Greta Thunberg goes on trial over Swedish climate protest

Swedish climate activist Greta Thunberg attends a climate demonstration called by youth-led organization Auroras before submitting its lawsuit against the state for their lack of climate work, in Stockholm on 25 November, 2022.AFP

Swedish climate campaigner Greta Thunberg is set to go on trial on Monday charged with disobeying police at a rally last month, in which activists blocked the port in the city of Malmo.

She is due to appear before the court in the southern Swedish city at 0930 GMT.

The 20-year-old activist “took part in a demonstration that disrupted traffic” and “refused to obey police orders to leave the site”, according to the charge sheet seen by AFP.

She faces a maximum sentence of six months in prison, but prosecutor Charlotte Ottosen told AFP that usually these types of charges result in fines.

The rally, organised by environmental activist group “Ta tillbaka framtiden” (Reclaim the Future), tried to block the entrance and exit to the Malmo harbour to protest against the use of fossil fuel.

“We choose to not be bystanders, and instead physically stop the fossil fuel infrastructure. We are reclaiming the future,” Thunberg said in an Instagram post at the time.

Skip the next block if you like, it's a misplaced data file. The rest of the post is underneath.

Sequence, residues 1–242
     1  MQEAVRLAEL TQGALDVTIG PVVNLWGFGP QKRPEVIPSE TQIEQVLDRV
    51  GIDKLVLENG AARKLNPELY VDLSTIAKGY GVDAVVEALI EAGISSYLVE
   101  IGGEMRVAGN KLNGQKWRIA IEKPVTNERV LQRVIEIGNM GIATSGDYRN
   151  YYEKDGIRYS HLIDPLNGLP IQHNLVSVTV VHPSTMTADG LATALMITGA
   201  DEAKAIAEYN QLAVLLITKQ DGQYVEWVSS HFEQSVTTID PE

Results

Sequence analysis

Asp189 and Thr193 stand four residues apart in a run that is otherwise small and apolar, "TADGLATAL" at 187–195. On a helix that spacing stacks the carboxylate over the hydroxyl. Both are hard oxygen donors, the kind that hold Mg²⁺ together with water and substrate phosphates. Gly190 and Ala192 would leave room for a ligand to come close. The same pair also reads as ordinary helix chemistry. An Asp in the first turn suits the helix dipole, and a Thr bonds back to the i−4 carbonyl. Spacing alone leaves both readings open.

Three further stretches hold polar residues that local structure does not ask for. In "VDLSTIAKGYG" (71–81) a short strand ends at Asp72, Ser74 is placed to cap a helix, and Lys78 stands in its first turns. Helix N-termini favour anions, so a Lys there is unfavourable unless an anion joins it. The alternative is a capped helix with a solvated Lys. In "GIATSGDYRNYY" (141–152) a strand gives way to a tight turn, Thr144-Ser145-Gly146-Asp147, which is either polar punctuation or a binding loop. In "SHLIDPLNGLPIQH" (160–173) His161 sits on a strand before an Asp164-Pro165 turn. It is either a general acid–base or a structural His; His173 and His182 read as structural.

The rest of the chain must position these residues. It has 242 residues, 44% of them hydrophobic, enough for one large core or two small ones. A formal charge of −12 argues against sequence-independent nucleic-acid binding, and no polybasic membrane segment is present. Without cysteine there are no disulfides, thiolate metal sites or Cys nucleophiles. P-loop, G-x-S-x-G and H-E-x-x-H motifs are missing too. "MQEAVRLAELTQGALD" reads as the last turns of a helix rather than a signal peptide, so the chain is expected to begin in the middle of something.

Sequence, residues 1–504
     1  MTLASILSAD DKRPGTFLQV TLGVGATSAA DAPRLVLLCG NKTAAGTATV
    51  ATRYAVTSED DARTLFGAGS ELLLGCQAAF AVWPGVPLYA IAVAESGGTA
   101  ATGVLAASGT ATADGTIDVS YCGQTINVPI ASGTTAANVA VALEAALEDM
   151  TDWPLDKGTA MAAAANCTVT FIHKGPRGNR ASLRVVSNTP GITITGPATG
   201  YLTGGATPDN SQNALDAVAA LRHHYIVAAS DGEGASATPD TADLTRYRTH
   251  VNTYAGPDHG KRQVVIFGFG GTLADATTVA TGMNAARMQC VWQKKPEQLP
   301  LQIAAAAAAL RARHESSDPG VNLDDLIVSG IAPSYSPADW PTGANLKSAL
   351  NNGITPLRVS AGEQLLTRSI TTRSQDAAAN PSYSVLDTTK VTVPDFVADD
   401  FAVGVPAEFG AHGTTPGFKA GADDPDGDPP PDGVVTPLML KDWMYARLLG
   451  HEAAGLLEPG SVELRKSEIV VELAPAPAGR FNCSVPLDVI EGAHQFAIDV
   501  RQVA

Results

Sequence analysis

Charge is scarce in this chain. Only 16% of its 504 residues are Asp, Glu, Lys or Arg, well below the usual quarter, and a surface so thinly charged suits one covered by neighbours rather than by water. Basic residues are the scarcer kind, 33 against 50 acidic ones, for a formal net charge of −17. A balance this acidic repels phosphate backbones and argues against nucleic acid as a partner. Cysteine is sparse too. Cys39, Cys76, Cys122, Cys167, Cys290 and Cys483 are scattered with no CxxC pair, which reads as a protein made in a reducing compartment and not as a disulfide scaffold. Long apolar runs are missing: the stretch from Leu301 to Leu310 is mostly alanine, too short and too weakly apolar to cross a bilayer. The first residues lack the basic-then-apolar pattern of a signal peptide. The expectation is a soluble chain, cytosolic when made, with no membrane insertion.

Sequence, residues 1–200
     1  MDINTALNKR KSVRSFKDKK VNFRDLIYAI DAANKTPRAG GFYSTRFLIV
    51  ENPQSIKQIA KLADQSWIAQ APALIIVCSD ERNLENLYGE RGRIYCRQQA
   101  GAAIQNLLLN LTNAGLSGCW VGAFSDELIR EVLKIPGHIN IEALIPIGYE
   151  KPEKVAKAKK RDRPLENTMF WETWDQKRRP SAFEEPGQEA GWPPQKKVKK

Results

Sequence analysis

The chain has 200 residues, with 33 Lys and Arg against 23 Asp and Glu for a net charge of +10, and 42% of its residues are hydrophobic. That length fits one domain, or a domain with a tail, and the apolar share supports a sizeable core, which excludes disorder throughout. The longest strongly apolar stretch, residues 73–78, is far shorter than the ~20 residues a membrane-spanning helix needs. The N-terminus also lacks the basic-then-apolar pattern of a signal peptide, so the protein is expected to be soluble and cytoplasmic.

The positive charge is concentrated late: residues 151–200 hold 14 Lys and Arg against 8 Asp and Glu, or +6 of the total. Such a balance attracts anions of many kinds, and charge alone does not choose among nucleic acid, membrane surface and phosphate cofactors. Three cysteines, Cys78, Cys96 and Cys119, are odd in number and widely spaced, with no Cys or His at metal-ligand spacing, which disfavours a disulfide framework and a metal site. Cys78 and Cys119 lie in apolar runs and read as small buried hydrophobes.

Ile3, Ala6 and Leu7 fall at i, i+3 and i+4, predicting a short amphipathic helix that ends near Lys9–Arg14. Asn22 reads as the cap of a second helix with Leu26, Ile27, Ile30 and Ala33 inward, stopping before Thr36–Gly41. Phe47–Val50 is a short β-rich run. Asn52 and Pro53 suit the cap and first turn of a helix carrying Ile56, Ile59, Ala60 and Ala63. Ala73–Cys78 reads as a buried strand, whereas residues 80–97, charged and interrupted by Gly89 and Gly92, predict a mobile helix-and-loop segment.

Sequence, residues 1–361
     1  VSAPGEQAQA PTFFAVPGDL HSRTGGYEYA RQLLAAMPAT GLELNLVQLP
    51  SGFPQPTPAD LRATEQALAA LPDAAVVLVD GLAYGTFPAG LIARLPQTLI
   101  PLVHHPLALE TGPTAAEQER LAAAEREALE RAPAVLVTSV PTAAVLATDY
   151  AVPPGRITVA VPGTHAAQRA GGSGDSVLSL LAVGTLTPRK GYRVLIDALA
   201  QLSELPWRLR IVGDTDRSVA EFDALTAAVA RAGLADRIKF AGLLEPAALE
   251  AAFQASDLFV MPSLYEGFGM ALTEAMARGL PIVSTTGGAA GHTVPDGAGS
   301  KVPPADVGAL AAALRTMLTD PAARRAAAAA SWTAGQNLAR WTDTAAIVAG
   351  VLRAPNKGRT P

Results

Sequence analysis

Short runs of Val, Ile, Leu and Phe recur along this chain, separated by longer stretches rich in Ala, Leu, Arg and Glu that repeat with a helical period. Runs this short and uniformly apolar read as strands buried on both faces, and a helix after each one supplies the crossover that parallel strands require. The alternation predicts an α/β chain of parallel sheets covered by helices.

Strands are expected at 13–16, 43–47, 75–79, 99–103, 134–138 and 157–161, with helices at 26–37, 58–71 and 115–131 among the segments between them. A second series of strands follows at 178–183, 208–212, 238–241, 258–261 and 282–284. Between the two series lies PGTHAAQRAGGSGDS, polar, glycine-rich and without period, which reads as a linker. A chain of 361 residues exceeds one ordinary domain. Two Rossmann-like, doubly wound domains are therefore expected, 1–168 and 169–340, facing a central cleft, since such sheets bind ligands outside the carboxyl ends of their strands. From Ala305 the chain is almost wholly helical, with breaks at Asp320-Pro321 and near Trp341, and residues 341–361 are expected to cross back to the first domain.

Thunberg shot to global fame after starting her “School Strike for the Climate” in front of Sweden’s parliament in Stockholm at the age of 15.

She and a small band of youths founded the Fridays for Future movement, which quickly became a global phenomenon.

In addition to her climate strikes, the young activist regularly lambasts governments and politicians for not properly addressing climate issues.

Thunberg simply responded “no comment” to police questions regarding the Malmo rally, according to a preliminary transcript seen by AFP.

‘Burning our lives’

Reclaim the Future insists that despite the legal pressures, it remains unbowed in its determination to stand up to the fossil fuels industry.

“If the court chooses to see our action as a crime it may do so, but we know we have the right to live and the fossil fuels industry stands in the way of that,” group spokesperson Irma Kjellstrom told AFP.

Six members of the organisation would be appearing in court in Malmo, she said.

“We young people are not going to wait but will do what we can to stop this industry which is burning our lives,” she said, explaining the group’s plans for continuing civil disobedience.